Ben Affleck gets better

The Town

on September 10, 2010 by Pete Hammond
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thetownreview.pngIf Heat and The Departed had a baby, the result might come close to The Town, a riveting and explosive crime thriller and one of the year's best pictures. With pure, edge-of-your-seat filmmaking from first frame to last, Ben Affleck delivers on the bravura directorial talent he showed with Gone Baby Gone and rises to a new level of achievement both behind and in front of the camera. This taut story about a guy trying to get out of the criminal life into which he was born is loaded with action, but it's also so smartly written that a complex character study rests at its heart. Expect strong business from genre fans and upscale moviegoers alike once word of mouth gets out.

Based on Chuck Hogan's novel, "Prince Of Thieves" and set in Charlestown, Massachusettes, a one square mile neighborhood in Boston that is reportedly responsible for more bank and armored car robberies than anywhere else in America, Affleck plays Doug MacRay, leader of a band of local bank robbers who tried and failed to avoid following in his father's (Chris Cooper) own criminal past. This den of thieves is also a band of brothers. Deciding there would be one last job, things go wrong when Jem (Jeremy Renner), the loose cannon of the group, briefly takes Bank Manager Claire Kessey (Rebecca Hall) hostage. In order to make sure she didn't see anything, Doug finds a way to ingratiate himself to her post-robbery and takes her out, an act that leads to a strong attraction and a romance. Things get very complicated when his buddies spiral out of control. Shortly after, the FBI starts to track him, led by a determined agent Frawley (Jon Hamm) who begins using Claire to get to Doug and his gang.

Renner is superb, following his Oscar nominated work in The Hurt Locker with a high-pitched, edgy turn here. Hamm, leaving Don Draper far behind, is equally fine with steely resolve. Hall, Boston accent and all, is perfectly cast. There's great work in smaller roles from vets Cooper and Pete Postlewaite, a sort of Fagin to Doug and his gang.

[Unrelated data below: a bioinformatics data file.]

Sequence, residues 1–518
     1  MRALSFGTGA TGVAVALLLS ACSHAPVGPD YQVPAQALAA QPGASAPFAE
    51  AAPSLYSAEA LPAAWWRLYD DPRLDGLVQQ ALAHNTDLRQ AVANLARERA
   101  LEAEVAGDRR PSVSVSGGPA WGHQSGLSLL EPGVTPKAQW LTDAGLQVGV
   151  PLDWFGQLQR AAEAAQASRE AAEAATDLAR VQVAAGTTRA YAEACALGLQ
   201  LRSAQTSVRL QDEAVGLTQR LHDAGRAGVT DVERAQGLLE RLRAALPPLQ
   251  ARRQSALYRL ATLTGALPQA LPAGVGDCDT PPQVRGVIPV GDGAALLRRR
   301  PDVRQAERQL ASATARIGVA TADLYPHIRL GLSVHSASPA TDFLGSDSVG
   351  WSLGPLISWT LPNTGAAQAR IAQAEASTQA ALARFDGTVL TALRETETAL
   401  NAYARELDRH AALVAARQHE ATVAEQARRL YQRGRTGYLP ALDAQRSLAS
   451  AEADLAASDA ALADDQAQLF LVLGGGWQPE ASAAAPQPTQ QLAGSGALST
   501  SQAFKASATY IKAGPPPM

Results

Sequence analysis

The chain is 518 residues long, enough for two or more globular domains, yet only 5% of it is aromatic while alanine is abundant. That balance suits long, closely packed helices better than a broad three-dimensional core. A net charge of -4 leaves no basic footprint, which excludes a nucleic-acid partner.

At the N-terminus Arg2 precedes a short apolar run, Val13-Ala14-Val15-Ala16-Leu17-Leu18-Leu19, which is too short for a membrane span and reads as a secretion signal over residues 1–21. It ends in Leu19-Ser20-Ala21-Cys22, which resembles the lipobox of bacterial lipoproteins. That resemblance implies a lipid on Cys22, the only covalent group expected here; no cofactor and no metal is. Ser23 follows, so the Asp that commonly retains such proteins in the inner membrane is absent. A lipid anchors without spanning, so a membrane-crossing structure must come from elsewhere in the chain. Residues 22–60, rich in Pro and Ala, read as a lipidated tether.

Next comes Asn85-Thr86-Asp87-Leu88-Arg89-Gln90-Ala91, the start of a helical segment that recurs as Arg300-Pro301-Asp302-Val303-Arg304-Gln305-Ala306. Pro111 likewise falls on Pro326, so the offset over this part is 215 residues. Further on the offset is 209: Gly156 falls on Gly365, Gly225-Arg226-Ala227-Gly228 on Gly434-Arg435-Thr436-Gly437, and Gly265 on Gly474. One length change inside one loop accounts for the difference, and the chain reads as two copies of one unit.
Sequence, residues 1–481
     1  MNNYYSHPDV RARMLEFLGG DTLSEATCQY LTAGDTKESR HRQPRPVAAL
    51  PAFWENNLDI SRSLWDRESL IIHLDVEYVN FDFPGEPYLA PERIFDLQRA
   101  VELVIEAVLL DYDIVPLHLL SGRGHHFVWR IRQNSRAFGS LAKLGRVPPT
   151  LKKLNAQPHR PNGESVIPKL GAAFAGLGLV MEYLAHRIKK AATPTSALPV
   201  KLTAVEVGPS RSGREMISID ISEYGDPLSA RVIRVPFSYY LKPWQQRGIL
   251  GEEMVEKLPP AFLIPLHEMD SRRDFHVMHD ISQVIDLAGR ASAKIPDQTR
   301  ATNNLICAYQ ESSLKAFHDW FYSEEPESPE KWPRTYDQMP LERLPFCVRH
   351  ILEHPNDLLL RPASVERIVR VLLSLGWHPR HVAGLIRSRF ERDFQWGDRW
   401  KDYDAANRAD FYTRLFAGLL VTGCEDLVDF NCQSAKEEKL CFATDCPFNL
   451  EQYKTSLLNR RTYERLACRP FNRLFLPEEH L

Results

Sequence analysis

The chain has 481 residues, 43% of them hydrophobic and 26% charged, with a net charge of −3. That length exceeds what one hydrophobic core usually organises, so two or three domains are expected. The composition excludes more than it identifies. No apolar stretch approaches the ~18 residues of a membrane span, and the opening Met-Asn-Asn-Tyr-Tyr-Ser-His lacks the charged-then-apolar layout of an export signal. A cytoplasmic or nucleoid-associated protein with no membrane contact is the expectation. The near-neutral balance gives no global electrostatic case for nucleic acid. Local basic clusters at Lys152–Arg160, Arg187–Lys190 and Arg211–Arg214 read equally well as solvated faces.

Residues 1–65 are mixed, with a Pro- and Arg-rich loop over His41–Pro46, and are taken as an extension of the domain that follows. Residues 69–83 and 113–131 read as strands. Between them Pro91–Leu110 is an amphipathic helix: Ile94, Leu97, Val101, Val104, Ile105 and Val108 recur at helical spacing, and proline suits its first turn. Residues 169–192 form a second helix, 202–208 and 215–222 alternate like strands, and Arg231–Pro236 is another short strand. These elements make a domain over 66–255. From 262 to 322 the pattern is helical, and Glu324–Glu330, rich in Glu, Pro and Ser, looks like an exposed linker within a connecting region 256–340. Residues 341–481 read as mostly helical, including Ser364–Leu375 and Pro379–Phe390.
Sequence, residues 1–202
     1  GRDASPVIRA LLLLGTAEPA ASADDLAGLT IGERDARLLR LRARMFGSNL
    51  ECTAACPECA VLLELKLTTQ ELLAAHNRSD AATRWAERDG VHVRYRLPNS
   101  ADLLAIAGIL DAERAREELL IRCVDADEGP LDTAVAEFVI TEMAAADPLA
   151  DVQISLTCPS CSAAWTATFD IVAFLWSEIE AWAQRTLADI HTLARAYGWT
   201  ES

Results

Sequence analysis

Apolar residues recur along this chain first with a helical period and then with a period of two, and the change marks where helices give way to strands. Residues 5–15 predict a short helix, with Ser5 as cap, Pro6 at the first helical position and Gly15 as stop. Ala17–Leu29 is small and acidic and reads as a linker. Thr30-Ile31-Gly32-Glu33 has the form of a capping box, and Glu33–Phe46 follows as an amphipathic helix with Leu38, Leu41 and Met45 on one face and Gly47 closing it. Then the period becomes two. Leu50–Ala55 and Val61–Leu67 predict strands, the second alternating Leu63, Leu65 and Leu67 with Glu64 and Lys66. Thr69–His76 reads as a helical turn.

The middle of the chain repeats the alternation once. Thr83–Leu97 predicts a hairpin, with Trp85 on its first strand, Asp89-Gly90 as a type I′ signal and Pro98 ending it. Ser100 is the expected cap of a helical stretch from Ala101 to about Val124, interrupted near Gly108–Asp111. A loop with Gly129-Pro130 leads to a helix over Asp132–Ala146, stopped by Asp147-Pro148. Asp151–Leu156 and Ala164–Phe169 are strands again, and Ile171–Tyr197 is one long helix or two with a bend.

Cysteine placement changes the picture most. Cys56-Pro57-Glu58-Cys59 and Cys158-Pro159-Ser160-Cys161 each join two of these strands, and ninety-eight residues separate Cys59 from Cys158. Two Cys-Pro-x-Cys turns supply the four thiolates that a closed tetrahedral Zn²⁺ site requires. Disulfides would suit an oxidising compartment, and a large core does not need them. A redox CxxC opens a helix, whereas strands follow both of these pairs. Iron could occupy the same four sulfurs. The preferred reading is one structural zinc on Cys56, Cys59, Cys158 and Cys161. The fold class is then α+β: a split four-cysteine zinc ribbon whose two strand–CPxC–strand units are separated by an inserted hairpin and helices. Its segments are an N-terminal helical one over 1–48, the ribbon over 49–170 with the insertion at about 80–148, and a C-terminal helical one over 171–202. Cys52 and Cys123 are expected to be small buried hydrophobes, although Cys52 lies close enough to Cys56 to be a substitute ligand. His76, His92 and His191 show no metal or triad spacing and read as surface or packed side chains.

Effortlessly taking this compelling fiction beyond the boundaries of a genre heist picture, Affleck, who also co-wrote with Peter Craig and Aaron Stockard, lets each of his actors create complicated characters who take the story in unexpected directions. Even the smaller roles, like Blake Lively's (Gossip Girl) unexpected turn as Jem's tough talking sister, are surprising and three-dimensional portraits etched in just a handful of scenes. At its heart is Affleck's Doug, a guy with great potential who never could get away from the influences of his neighborhood, family and friends. For him though, there's still hope even if, as Thomas Hardy once wrote, "the womb from which mankind emerged forever pulls one back." Particularly interesting is the cat and mouse game Doug plays with Frawley, always staying one step ahead in a bid to survive just like he always has. As a director, Affleck is expert at building tension and subtext even in the smallest circumstances and he proves he can handle action like the best of them. The Town is blessed with inventive chases and beautifully choreographed shootouts that do not in any way overwhelm the people at the center of this gripping drama.

Distributor: Warner Bros
Cast: Ben Affleck , Jon Hamm, Jeremy Renner, Rebecca Hall, Chris Cooper, Blake Lively, Pete Postlewaite and Titus Welliver
Director: Ben Affleck
Screenwriters: Ben Affleck, Peter Craig and Aaron Stockard
Producers: Graham King and Basil Iwanyk
Genre: Drama
Rating: R for strong violence, pervasive language, strong sexuality and drug use.
Running time: 124 min
Release date: September 17, 2010

 

Tags: Ben Affleck, Jon Hamm, Jeremy Renner, Rebecca Hall, Chris Cooper, Blake Lively, Pete Postlewaite, Titus Welliver, Peter Craig, Aaron Stockard, Graham King, Basil Iwanyk
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